Furnace Lining brick Hi-tech ceramics => electronic, communication, computer hardware, aerospace industries Furnace Lining brick Ceramic tiles porcelain Engineering Materials Ceramic and Glasses materials CERAMIC MATERIAL EXAMPLES Diamond, Graphite Glasses

Building materials Oxides (SiO2, Al2O3) Carbide tools Compressive strength is typically ten times the tensile strength. This makes ceramics good structural materials under compression (e.g., cement, bricks in building apartments, stone blocks in the pyramids). Diamond Graphite Carbide tools Engineering Materials Ceramic and Glasses materials 1.

Charge Neutrality: --Net charge in the crystal structure should be zero. CaF 2: Ca2+ + cation Fanions F- Engineering Materials Ceramic and Glasses materials

- + - - - - stable + -

- - - stable + - unstable Engineering Materials Ceramic and Glasses materials

Coordination number (CN):- the number of equidistant nearest neighbors to an ion in a unit cell of a crystal structure. For example, in NaCl, CN=6 since six equidistance Cl- anion surround a central Na+ cation. Radius ratio (for ionic solid):- the ratio of the radius of the central cation to that of the surrounding anions. Critical (minimum) radious ratio- the ratio of the central cation to that of the surrounding anions when all the surrounding anions just touch each other and the central cation. - +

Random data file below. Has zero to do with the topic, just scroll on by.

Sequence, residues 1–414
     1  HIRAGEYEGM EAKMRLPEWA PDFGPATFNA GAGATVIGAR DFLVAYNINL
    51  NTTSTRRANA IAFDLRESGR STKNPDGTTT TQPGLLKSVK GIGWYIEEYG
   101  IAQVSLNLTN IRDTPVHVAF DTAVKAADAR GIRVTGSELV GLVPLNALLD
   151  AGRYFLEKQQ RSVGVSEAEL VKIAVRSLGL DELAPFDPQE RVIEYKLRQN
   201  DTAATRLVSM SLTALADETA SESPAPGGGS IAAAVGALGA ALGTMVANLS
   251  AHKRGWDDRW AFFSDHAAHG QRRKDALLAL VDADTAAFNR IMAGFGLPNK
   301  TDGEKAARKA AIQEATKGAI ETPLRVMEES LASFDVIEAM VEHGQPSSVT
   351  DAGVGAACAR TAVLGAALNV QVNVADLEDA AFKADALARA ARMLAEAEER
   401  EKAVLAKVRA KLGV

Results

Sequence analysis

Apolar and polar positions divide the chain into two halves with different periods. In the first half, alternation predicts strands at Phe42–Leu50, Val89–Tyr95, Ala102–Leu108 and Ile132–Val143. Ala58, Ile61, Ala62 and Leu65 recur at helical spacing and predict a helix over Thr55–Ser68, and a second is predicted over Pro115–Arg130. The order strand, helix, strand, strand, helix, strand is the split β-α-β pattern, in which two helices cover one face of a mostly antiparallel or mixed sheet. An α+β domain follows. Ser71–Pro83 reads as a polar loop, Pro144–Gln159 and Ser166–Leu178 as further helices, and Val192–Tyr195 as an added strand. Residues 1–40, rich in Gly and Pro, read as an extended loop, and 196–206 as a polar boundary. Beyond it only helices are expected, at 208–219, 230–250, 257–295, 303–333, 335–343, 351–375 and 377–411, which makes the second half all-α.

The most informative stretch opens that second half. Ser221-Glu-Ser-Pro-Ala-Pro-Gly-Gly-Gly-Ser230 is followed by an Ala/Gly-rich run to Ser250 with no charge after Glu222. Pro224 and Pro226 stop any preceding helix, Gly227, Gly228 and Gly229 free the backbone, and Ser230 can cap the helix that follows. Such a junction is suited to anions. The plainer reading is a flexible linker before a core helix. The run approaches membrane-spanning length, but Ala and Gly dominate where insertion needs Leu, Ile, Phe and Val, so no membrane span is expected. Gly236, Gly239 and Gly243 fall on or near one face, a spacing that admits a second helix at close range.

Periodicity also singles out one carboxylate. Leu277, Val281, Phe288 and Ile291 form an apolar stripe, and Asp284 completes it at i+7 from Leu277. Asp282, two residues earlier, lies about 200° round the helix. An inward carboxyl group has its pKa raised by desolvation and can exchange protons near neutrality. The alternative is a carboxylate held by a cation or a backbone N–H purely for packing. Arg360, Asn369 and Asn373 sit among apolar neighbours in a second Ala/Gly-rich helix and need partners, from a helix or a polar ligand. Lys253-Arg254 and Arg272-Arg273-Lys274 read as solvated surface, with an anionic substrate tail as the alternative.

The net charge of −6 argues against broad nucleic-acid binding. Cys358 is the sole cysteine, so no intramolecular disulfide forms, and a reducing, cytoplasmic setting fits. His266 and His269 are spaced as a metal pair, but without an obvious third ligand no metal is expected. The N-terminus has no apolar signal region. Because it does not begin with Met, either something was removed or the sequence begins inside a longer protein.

- - - - stable + - - -

- stable + - unstable Engineering Materials Ceramic and Glasses materials For a specific coordination number there is a critical or minimum cation/anion radius ratio rC/rA for which this contact can be maintained. Engineering Materials

Ceramic and Glasses materials rcation ranion < .155 Coord # 2 .155-.225 3 .225-.414 4 .414-.732 6 .732-1.0 ZnS (zincblende) 8

NaCl (sodium chloride) CsCl (cesium chloride) Engineering Materials Ceramic and Glasses materials Engineering Materials Ceramic and Glasses materials EX1: PREDICTING STRUCTURE OF FeO On the basis of ionic radii, what crystal structure would you predict for FeO?

CationIonic radius (nm) rcation ranion Al 3+ 0.053 Fe 2+ 0.077 Fe 3+ 0.069 Ca2+ 0.100 Anion O2ClF- 0.077 0.140 0.550